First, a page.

Two years into the implementation of a critical law and four years after the death of my son Nile, I am forced to ask: Do the actions of the CDPH communicate the INTENT TO PREVENT DEATH FROM INFECTIONS, or do their actions so far communicate THE INTENT TO PREVENT PREVENTION MEASURES FROM BEING IMPLEMENTED? Is the PACE OF IMPLEMENTATION in line with a true sense of emergency about a growing epidemic, or does the pace suggest complacency?
Enforcement of legislation is a critical step. Passing legislation that gets buried in committees is not only unhelpful–it can be harmful. If people believe something is happening to prevent further death and destruction of lives, and yet in fact is not, the problem compounds like unpaid debt. The future problem gets harder to address.
Enforcement assumes that there has been consensus about the need for change. It assumes there is a clear and achievable objective. It assumes the timetable and milestones of compliance have been widely distributed. It assumes there is sufficient communication with those held legally responsible to hold them accountable. It assumes there is a consequence for non-compliance that is greater than disregarding the law. It assumes there is a benefit to compliance that far outweighs the difficulty that always accompanies change in the way things are done. Sadly, these steps have not been implemented for the Patient Safety Legislation that passed nearly two years ago and other laws passed two years before that. Sadly, the actions NOT TAKEN to date, speak loudly about the true intentions of the California Department of Health.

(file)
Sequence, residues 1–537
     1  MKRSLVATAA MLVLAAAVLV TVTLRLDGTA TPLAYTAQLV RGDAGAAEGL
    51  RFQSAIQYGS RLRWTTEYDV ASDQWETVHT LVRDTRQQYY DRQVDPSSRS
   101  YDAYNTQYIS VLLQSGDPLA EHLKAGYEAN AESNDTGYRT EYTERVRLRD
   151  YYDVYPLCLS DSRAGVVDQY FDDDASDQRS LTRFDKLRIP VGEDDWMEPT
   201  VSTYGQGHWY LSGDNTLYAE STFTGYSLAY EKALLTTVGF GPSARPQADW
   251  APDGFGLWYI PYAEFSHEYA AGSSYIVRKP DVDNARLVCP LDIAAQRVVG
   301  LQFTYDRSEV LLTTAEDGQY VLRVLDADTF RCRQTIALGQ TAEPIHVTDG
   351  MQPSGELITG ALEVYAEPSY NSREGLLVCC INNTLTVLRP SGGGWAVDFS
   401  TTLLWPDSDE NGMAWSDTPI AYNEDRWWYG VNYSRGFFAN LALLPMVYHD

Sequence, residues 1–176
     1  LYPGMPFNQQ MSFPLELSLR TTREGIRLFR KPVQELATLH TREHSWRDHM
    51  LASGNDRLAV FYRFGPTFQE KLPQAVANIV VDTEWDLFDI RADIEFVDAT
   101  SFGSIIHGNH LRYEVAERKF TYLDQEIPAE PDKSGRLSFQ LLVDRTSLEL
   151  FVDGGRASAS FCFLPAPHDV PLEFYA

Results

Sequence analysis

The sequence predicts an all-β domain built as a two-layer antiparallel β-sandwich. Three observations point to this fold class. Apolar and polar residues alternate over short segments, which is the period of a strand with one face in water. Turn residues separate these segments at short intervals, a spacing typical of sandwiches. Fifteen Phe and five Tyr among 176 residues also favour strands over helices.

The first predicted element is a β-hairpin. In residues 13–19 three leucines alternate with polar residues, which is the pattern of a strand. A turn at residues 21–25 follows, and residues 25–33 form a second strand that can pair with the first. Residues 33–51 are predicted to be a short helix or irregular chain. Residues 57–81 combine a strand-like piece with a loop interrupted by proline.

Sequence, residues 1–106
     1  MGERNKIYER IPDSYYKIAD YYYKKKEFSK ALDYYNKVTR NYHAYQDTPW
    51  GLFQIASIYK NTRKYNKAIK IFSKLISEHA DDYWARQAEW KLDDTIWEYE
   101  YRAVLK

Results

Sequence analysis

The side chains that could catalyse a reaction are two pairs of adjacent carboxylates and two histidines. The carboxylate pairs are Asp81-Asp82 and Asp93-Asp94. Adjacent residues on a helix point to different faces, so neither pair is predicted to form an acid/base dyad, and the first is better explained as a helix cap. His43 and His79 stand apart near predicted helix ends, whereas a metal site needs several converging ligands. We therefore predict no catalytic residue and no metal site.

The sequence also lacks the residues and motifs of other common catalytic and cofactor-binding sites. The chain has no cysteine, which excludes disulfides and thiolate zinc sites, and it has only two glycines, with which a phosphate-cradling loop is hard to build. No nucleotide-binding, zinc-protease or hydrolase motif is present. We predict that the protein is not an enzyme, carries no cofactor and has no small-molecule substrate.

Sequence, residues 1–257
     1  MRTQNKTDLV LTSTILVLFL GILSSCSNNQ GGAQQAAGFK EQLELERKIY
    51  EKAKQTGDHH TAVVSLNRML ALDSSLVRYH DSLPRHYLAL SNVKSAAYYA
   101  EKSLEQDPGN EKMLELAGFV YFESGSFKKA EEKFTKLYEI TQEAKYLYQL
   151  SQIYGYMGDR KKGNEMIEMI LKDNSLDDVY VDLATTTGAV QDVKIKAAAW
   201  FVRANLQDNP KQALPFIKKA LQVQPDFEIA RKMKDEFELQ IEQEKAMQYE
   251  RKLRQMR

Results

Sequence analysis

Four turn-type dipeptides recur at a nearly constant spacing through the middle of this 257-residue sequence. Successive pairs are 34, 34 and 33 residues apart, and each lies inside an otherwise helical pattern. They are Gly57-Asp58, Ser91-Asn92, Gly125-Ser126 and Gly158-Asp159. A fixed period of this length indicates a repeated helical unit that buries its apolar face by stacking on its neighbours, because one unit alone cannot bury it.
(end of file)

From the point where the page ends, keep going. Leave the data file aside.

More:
Little has been done to change the trajectory of the infection rates in our hospitals. Little has been done to educate and empower the citizens of California. The spread of preventable infections continues to hit home for millions of Americans. Just last week it hit close to my family’s home once again. A 50 year old cousin, treated and retreated for MRSA, was saved from death at the cost of both legs. I am a member of this committee and an expert witness to the devastation HAI’s can have. I am NOT Okay, not pleased, not yet satisfied with our progress. I am committed to participating in the solution. I am committed to working with other citizen and government organizations whose intent, passion, resolve and resources are focused on eliminating preventable deaths.
Thank you for the opportunity to share my concerns today.